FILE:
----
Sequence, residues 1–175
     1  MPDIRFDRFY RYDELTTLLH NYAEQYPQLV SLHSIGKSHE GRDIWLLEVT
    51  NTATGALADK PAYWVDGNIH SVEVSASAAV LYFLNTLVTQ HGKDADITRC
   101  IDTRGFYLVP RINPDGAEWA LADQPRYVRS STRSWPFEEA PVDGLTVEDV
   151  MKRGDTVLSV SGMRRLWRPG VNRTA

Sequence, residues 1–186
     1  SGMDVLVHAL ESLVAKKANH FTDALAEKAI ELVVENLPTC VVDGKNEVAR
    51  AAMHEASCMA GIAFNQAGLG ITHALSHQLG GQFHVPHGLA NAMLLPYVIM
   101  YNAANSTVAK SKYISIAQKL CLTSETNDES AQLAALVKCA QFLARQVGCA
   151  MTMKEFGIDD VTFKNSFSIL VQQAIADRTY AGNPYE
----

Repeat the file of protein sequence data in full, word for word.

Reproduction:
Sequence, residues 1–175
     1  MPDIRFDRFY RYDELTTLLH NYAEQYPQLV SLHSIGKSHE GRDIWLLEVT
    51  NTATGALADK PAYWVDGNIH SVEVSASAAV LYFLNTLVTQ HGKDADITRC
   101  IDTRGFYLVP RINPDGAEWA LADQPRYVRS STRSWPFEEA PVDGLTVEDV
   151  MKRGDTVLSV SGMRRLWRPG VNRTA

Sequence, residues 1–186
     1  SGMDVLVHAL ESLVAKKANH FTDALAEKAI ELVVENLPTC VVDGKNEVAR
    51  AAMHEASCMA GIAFNQAGLG ITHALSHQLG GQFHVPHGLA NAMLLPYVIM
   101  YNAANSTVAK SKYISIAQKL CLTSETNDES AQLAALVKCA QFLARQVGCA
   151  MTMKEFGIDD VTFKNSFSIL VQQAIADRTY AGNPYE